We visited the travelling Leonardo da Vinci Machines exhibit when it was at MOTAT in New Zealand. It’s a fascinating exhibit offering both visual and hands-on amazement. We comfortably recommend it, should it come to a town near you. Although it’s not currently in New Zealand, we have left this page here as a historical reference.
Leonardo da Vinci was a genius who was hundreds of years ahead of his time. Whether you know of him as an artist, an inventor, a designer, an anatomy expert, or a renaissance man, you will probably discover another facet of his brilliance at the Leonardo da Vinci Machines exhibit.
Travelling around the world, it is now in Auckland at MOTAT (the Museum of Transport and Technology) and is well worth a visit.
It is an exhibit designed for everyone. His technical sketches and built-to-scale machines appeal to adults while the opportunity to touch and try out many of the machines keeps younger children interested. Each machine is clearly marked with a green checkmark allowing visitors to “use with care”, or a red x for “do not touch”.
Here are some highlights of the da Vinci Machines exhibit
Hydraulic and aquatic
This hydraulic saw is a great example of how Leonardo used water to power many of his inventions creating useful tools.
Leonardo da Vinci made improvements to the Archimedes’ Screw, a device used for pumping water. It is one of the many machines on display that visitors can try. There is even a footstool so smaller children can reach.
Sarah (our daughter on an AFS exchange) also visited a travelling Leonardo da Vinci flight exhibit in Argentina.
Leonardo used this model to verify experimentally if a rapidly flapped wing can support the body of a man in flight. He developed his hypothesis from the study of birds.
Don’t forget to look up while at the exhibit as that’s where you will find many of the flying machines.
Physics and mechanics
The signage is one of the reasons I think this exhibit appeals to everyone. The other is that most of the physics and mechanics machines allowed hands-on trials.
Alongside each built-to-scale invention is a sign featuring a copy of his sketches and drawings along with an easy to understand explanation.
Overall, It’s an exhibit for all ages. Teens and adults enjoy and understand it at a different level than younger kids.
The de Vinci exhibit included his art as well as his machines.
According to the signage: “Begun when Leonardo was only about 21 years of age, the Annunciation was his first masterpiece. Set in the garden of a wealthy 15th Century Tuscan villa, the painting depicts the moment when the Archangel Gabriel appeared to Mary to announce that She will soon become a mother.” This painting is so important that our Italian exchange student studied it at school for a month.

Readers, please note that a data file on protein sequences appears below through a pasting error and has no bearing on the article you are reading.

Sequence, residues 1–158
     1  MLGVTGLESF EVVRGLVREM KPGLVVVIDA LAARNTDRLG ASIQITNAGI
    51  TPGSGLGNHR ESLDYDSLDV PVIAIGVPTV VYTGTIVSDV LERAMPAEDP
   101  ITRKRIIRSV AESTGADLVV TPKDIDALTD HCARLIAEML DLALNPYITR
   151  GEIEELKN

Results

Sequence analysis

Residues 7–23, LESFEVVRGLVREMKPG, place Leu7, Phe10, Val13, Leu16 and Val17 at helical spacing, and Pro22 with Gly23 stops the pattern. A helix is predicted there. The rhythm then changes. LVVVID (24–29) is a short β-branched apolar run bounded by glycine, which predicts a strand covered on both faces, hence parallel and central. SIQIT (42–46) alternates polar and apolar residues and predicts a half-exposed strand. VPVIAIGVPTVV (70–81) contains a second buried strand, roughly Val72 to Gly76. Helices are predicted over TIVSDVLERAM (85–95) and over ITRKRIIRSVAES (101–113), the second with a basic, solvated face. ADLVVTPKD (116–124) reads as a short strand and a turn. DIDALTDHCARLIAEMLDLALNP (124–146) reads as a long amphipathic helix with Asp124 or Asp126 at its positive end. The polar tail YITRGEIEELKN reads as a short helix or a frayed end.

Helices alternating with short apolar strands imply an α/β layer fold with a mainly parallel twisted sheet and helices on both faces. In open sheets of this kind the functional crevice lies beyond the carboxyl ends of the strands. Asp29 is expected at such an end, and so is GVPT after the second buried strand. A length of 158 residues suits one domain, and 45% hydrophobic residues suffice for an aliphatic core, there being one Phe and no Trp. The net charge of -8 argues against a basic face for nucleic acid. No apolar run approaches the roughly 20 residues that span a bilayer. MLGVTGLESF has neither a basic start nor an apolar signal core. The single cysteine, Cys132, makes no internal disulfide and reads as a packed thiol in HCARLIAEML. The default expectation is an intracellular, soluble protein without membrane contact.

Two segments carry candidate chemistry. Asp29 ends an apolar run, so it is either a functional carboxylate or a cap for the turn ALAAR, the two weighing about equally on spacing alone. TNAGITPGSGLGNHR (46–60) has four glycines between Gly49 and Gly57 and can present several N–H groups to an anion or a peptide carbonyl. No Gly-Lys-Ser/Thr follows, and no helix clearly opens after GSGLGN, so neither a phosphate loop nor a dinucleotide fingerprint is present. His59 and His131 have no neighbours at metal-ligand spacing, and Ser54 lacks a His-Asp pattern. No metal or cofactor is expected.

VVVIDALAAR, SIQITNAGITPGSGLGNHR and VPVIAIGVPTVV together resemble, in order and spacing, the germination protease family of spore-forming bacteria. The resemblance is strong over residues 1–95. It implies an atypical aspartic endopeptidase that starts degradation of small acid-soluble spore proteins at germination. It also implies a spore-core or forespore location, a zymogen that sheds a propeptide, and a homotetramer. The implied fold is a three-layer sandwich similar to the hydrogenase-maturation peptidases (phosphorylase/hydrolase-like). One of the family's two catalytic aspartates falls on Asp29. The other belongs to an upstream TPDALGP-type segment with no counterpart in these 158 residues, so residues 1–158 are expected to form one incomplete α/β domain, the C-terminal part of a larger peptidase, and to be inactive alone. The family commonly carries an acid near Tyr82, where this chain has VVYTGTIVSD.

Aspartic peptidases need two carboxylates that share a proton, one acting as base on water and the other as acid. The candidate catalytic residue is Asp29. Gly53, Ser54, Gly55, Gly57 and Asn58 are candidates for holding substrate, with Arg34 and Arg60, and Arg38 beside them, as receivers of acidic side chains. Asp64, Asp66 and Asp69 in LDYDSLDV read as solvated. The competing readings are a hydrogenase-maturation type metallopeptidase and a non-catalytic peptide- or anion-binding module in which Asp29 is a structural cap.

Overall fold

The secrets of the Mona Lisa
Two copies of the Mona Lisa hang side by side. The first represents how this masterpiece looks today; the second is digitally enhanced to return it to its original appearance. The signage offers interesting comparisons, highlighting changes over time.
Anatomy – The Vitruvian Man
The Vitruvian Man, drawn by Leonardo around 1490, depicts the proportions of man based on the correlations of ideal human proportions. Italian minted Euro coins feature the Vitruvian Man.
Did you know…
. . . Leonardo’s surname is not da Vinci. Translated into English, it means Leonardo from Vinci, the town in which he was born. His full birth name is Leonardo di ser Piero da Vinci meaning “Leonardo, son of Messer Piero from Vinci.”
Practical information on the da Vinci Machines exhibit
- Leonardo da Vinci Machines was at MOTAT from 30 July to 16 October 2016.
- MOTAT is open daily from 10 am to 5 pm.
- The main MOTAT museum is located at 805 Great North Road in the Western Springs district of Auckland. The Aviation Display Hall is located nearby, and there is a tram to transport you between the two.
- Entry to the da Vinci Machines exhibit is included with museum entry, as is the entry to both MOTAT facilities.
- MOTAT is one of my favourite museums. Not only does it offer hands-on family learning, but it also has travelling events throughout the year as well as fun events for Halloween or Matariki, and charitable events in the Christmas season.
Looking for more da Vinci?
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If you want to know more about the great man, there are plenty of great books out there.
- Here’s a top rated biography that connects his art to science of Leonardo Da Vinci written by Walter Isacson.
- For a chance to get into his thoughts and beliefs, check out The Complete Notebooks of Leonardo Da Vinci.
- Or, check out his Complete Drawings.
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Have you seen the da Vinci Machine exhibit at MOTAT or in your hometown? If not, don’t miss it!
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Disclaimer: MOTAT provided a media pass to this event. However, the opinions expressed here are strictly my own.